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I have a NSView which contains many CALayers. When a user is editing a document, these CALayers animate all edits. I am attempting to implement printing for my app, but I am having some problems printing these CALayers correctly.

Some CALayers bounds occupy the entire NSView, and do not need to be laid out, because their position never changes. However, I also have one CALayer which contains about 20 small CALayers. These CALayers animate their position changes during normal editing. However, when attempting to print the NSView, these small CALayers never get laid out correctly. I am wondering if there is something special I have to do to ensure that these layers are positioned correctly, and allow the NSView to be drawn/printed correctly.

Does anyone have experience printing a Core Animation backed NSView? Any suggestions are appreciated.

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2 Answers 2

up vote 5 down vote accepted

In order to work around layout issues, as well as the fact that using -renderInContext: to draw a layer hierarchy does not preserve vector elements, we subclassed CALayer in the Core Plot framework. The CPLayer subclass overrides the default -drawInContext: method to call our custom -renderAsVectorInContext: method (where we do all of our Core Graphics drawing for a layer). To generate a PDF context (or similar) for printing, we then call a custom method with the following code:

    // render self

    [self applyTransform:self.transform toContext:context];

    self.renderingRecursively = YES;
    if ( !self.masksToBounds ) {
    [self renderAsVectorInContext:context];
    if ( !self.masksToBounds ) {
    self.renderingRecursively = NO;

    // render sublayers
    for ( CALayer *currentSublayer in self.sublayers ) {

        // Shift origin of context to match starting coordinate of sublayer
        CGPoint currentSublayerFrameOrigin = currentSublayer.frame.origin;
        CGRect currentSublayerBounds = currentSublayer.bounds;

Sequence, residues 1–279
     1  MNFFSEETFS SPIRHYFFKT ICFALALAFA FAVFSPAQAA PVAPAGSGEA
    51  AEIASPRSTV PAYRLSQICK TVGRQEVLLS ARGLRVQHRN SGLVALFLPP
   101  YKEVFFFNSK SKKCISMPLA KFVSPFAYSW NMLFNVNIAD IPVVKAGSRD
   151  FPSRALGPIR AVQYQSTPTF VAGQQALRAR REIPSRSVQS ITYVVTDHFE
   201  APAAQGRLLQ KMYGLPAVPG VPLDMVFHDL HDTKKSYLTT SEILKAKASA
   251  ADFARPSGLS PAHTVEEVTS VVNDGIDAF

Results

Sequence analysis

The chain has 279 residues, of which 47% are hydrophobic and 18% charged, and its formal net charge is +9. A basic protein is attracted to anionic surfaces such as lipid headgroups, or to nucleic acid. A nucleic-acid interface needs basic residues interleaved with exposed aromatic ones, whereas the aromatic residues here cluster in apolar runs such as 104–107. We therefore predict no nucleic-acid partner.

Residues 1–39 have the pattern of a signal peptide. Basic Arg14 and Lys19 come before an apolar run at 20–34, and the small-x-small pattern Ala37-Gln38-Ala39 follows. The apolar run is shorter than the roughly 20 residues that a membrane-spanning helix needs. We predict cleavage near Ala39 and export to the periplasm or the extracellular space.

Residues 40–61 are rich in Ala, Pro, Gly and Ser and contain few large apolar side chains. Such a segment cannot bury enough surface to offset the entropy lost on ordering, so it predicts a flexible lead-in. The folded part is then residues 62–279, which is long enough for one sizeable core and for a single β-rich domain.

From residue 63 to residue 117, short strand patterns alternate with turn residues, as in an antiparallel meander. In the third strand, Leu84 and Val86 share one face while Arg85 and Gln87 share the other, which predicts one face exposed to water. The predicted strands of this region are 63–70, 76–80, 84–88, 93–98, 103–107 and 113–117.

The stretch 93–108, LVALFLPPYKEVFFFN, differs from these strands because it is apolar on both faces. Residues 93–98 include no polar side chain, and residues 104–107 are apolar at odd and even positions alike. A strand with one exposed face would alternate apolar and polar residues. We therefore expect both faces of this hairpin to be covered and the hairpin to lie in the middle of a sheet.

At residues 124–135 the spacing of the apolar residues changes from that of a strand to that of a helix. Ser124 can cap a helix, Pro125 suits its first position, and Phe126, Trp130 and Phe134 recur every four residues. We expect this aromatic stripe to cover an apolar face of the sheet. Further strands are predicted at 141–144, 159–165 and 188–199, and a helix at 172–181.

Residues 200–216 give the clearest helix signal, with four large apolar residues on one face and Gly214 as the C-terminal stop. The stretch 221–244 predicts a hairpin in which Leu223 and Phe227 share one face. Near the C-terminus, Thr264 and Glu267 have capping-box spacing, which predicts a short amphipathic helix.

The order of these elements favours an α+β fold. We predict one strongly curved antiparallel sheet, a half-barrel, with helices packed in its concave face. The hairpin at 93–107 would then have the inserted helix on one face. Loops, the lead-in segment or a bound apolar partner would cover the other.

currentSublayerFrameOrigin.x - currentSublayerBounds.origin.x, 
                              currentSublayerFrameOrigin.y - currentSublayerBounds.origin.y);
        [self applyTransform:self.sublayerTransform toContext:context];
        if ( [currentSublayer isKindOfClass:[CPLayer class]] ) {
            [(CPLayer *)currentSublayer recursivelyRenderInContext:context];
        } else {
            if ( self.masksToBounds ) {
                CGContextClipToRect(context, currentSublayer.bounds);
            [currentSublayer drawInContext:context];

This goes through and renders each layer onto a flat Core Graphics context, preserving position, rotation, and other transforms while rendering all elements as sharp vectors.

One other thing to watch out for when trying to render layers is that the state of your presentation layer hierarchy may not be the same as your internal layer hierarchy. You may have animations that have been applied to move your layers, but the layers' position properties may not have been changed to match. In that case, you should make sure that you either animate the properties themselves, so that the values always stay in sync, or set the values in your layer once the animations have completed.

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Last I looked into it, it was not possible to properly print CALayers. It seemed to me at the time that Core Animation was designed for screen only and not for print (which seems consistent with the fact that it was designed initially for iPhone).

I'd love to know I'm wrong.

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